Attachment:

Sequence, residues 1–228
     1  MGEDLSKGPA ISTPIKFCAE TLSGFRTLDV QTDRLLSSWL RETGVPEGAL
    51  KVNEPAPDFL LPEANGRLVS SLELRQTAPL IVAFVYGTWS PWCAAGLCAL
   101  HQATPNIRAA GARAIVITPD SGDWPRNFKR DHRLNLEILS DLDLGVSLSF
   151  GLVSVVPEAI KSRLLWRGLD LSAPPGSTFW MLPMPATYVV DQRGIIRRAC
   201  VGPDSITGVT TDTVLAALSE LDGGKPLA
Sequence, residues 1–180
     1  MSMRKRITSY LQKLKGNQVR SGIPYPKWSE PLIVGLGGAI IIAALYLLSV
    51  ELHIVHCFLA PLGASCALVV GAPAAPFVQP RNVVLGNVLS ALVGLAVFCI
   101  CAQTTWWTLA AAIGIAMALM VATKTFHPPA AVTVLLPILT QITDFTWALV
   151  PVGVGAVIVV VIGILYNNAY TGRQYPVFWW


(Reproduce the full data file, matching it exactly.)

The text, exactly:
Sequence, residues 1–228
     1  MGEDLSKGPA ISTPIKFCAE TLSGFRTLDV QTDRLLSSWL RETGVPEGAL
    51  KVNEPAPDFL LPEANGRLVS SLELRQTAPL IVAFVYGTWS PWCAAGLCAL
   101  HQATPNIRAA GARAIVITPD SGDWPRNFKR DHRLNLEILS DLDLGVSLSF
   151  GLVSVVPEAI KSRLLWRGLD LSAPPGSTFW MLPMPATYVV DQRGIIRRAC
   201  VGPDSITGVT TDTVLAALSE LDGGKPLA
Sequence, residues 1–180
     1  MSMRKRITSY LQKLKGNQVR SGIPYPKWSE PLIVGLGGAI IIAALYLLSV
    51  ELHIVHCFLA PLGASCALVV GAPAAPFVQP RNVVLGNVLS ALVGLAVFCI
   101  CAQTTWWTLA AAIGIAMALM VATKTFHPPA AVTVLLPILT QITDFTWALV
   151  PVGVGAVIVV VIGILYNNAY TGRQYPVFWW